July 21, 2004
Arizona charter schools that operate for profit are public schools and should not have to refund millions of dollars to the federal government, according to an opinion released Tuesday by the Arizona Attorney General’s Office.
The opinion was prompted by a U.S. Department of Education audit, which looked at 20 Arizona charter schools and the way they spent federal money.
The audit report, released in November, stated that from October 2000 to September 2001, for-profit charter schools in Arizona received more than $1.1 million in federal entitlements, which education department regional inspector general Richard Dowd said the schools should have to refund because they do not meet the definition of a "public school."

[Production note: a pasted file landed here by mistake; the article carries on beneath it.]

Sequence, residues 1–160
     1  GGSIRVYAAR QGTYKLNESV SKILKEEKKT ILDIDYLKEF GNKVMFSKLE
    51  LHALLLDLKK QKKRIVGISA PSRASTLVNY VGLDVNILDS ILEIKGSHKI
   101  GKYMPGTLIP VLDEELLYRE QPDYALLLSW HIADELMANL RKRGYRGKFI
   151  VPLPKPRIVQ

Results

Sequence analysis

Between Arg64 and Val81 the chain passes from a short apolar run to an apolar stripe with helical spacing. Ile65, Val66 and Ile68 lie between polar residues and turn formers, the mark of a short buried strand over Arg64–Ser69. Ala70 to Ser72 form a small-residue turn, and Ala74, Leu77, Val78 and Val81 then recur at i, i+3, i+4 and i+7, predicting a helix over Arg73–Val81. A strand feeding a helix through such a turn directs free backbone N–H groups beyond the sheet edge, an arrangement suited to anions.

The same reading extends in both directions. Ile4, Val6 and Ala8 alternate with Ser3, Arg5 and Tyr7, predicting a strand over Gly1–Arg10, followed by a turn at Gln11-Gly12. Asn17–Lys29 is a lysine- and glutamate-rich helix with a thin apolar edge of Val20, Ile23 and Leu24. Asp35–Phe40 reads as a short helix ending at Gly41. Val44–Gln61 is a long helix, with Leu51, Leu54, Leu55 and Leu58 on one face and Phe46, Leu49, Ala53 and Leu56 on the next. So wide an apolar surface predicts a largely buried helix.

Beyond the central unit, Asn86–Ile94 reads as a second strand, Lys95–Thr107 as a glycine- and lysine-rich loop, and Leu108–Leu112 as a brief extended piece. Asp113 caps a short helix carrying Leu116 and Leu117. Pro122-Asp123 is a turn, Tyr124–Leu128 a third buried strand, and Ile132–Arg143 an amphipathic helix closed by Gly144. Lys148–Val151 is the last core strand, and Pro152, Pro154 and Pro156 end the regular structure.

Dowd also urged the Arizona Department of Education to figure out how much federal money the schools had received in subsequent years and require them to pay that back, too.
"Giving control of federal funds to a non-public entity is contrary to the law and could detrimentally affect the quantity and quality of (federally funded) services provided to disadvantaged students attending a private, for-profit school," the report states.
The report also cited two of the 20 schools audited for misusing federal funds or failing to properly report spending.
Still, Arizona Superintendent of Public Instruction Tom Horne disagreed with the report, saying Arizona law allows privately owned schools to meet the definition of a "local educational agency."
"Arizona law defines charter schools as ‘public schools,’ regardless of whether they are operated by a public or private entity," Horne argued in his appeal.
Based on Horne’s argument, federal officials asked the state attorney general to issue an opinion.
Attorney General Terry Goddard agreed with Horne, saying that Arizona’s forprofit charter schools meet the state and federal definitions of a public entity.